Lease Obtained. . . . . . . . . . : Monday, May 7, 2018 3:30:29 PM
Lease Expires . . . . . . . . . . : Tuesday, May 7, 2019 3:30:29 PM
Default Gateway . . . . . . . . . :
DHCP Server . . . . . . . . . . . : X.X.X.X
DNS Servers . . . . . . . . . . . : 126.96.36.199
1) Thnx for the hints. DNS over TLS is of course the preferred option, but I finally solved the DNS leak with the PIA VPN basic settings by changing Services/DNS resolver/General settings/Outgoing Network Interfaces to LAN only (instead of WAN).
2) uBlock, your comments on uBlock inspired me. I simply included this https://raw.githubusercontent.com/IDKwhattoputhere/uBlock-Filters-Plus/master/uBlock-Filters-Plus.txt as an extra DNSBL feed. The result was amazing. I got rid of another bunch of add’s.
I used the pi-hole test page: https://pi-hole.net/pages-to-test-ad-blocking-performance/
Jerome, thanks for the heads up!
1) It’s interesting your WAN vs. LAN worked. Do you have a firewall rule that allows DNS on the WAN side?
2) That uBlock Origin add-on looks interesting. I tend to let it operate in its default state and leave a majority of blocking to pfSense/pfBlockerNG. Letting pfBlockerNG do its thing is easier with the next version as it makes adding blocklists trivial. On my test system, I literally have 60+ DNSBLs. I received notification from the author that it was sent to pfSense development so it probably isn’t too far off from final release.
That website looks like a decent way to test ad blocking. I usually visit the news wasteland aka Yahoo as well as a few others. FWIW, a malvertising ad on Yahoo actually serves as the featured image for this post. The backstory to it is that when I was writing up this how-to, I spun up a brand new VM, visited Yahoo (and only Yahoo) with a up-to-date Chrome browser and no ad blockers (uBlock Origin or pfBlockerNG)… About 30 seconds after landing on Yahoo, I received that pop-up. We forgot how difficult/impossible the web is to use for the average user who has no ad blocking.
Thanks for these tips! I just setup pfSense, and I feel these tips enhance my configuration.
Thanks for the feedback! Easy and great ways to improve security!
Great guide Dallas! I was looking for a good guide when I found this. Was able to set it up and get in running in less than 15 minutes. Thanks for that.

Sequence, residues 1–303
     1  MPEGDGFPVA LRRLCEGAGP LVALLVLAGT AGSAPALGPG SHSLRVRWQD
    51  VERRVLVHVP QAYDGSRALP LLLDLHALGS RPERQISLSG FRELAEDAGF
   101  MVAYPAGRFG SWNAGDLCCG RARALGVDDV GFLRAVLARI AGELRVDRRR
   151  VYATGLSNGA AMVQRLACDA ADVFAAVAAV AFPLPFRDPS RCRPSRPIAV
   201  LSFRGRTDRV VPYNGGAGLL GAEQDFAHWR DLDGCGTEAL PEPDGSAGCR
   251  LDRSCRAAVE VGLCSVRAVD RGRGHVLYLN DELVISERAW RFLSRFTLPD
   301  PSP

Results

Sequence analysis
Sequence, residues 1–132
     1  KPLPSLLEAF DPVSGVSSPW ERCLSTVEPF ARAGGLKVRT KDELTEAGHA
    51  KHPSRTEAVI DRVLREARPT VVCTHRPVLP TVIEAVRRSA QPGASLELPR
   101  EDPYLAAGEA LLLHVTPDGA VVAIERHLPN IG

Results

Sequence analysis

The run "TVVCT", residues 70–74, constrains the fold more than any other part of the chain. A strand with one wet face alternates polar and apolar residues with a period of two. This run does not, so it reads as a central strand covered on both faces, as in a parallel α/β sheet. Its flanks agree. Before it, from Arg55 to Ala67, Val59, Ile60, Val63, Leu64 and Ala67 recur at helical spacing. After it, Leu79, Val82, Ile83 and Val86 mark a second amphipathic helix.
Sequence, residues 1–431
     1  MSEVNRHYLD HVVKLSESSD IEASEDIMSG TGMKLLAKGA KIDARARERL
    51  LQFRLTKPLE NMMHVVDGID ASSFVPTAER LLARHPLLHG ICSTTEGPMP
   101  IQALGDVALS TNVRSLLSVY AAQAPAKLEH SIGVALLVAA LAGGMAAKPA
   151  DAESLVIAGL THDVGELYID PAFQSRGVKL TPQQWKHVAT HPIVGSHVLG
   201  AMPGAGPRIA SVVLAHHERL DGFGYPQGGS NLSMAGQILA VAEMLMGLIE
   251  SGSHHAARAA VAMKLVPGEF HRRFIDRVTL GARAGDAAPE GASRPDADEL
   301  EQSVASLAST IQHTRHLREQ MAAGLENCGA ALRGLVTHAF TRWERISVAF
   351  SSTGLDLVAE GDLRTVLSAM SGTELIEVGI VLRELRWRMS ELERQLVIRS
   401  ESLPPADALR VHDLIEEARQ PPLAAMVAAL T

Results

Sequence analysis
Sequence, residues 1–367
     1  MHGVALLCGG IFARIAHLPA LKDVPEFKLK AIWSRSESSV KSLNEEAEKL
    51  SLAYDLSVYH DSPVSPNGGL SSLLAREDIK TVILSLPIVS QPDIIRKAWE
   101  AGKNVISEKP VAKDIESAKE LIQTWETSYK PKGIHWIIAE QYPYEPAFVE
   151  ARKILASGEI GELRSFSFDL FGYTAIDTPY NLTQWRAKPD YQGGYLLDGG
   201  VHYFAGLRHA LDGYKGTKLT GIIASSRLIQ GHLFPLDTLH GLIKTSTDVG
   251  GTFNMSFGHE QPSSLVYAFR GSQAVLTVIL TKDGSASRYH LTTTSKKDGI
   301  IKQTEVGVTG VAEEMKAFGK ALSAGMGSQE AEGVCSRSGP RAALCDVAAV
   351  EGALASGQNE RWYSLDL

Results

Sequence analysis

Excellent! Thanks for the feedback!
Excellent guide dallas, thanks for that. I too had a problem with dns leak using expressvpn. Thanks jerome for the fix with changing it to lan. Worked for me too.
Excellent! I haven’t got around to testing Jerome’s solution, but I’m happy to hear it worked for you too. I’ll add something into the next version of this documentation when the new version of pfBlockerNG moves from devel to stable. Thanks for the feedback!
SUPERB! as others have already explained, your write-up is by far the best i’ve come across, specific to pfblockerng! thank you!
Q: inside of the pfblockerng > DNSBL tab- what is the difference between DNSBL Whitelist and TLD Blacklist/Whitelist. i am seeing s3.amazonaws.com blocked at the TLD level, however i can confirm i am able to view the s3.amazonaws.com site. if i wanted to make sure i could reach s3.amazonaws.com, would i add it to the DNSBL Whitelist and/or the TLD Whitelist? thanks in advance
Thank you! I appreciate the feedback!
DNSBL whitelist is to whitelist any domain that you want to ensure doesn’t inadvertently get blocked by a feed. This can get a little confusing as each feed has its own whitelists; if you manually run an update you will see these whitelisted domains specified as each feed downloads. Also, if a site gets blocked and you whitelist it from the Alerts page (on the new version), the DNSBL whitelist is the area it will get added to. Basically, it is the whitelist that supercedes all blacklists.
S3 could not get blocked in the TLD section without significant side effects. Why? TLD refers to the last part of a domain name. For example, on linuxincluded.com the “com” would be the TLD and nothing else. As noted in the write-up, there are now 1000s of TLDs. Thus, you can specify TLDs in the TLD blacklist section based on “badness” (as described above) or ones such as “ru” if you *never* plan to visit Russian sites. Long story short is you can’t add a full domain in the TLD blacklist. The TLD whitelist is only used in relation to the TLD blacklist. If you want to block all “com” sites, but you want to allow access to linuxincluded.com, you could specify the full domain in the TLD whitelist section. Hopefully that makes sense!
If you want to block a few custom domains, I would instead add a separate “feed” under the DNSBL Feeds. Add a name/description, leave the source area blank, switch action to “unbound” and then add your desired blocks into the DNSBL custom_list at the bottom. Keep in mind that you will only block subdomains if you specify them literally or if you have the TLD option selected, i.e. a linuxincluded.com entry would not block mail.linuxincluded.com.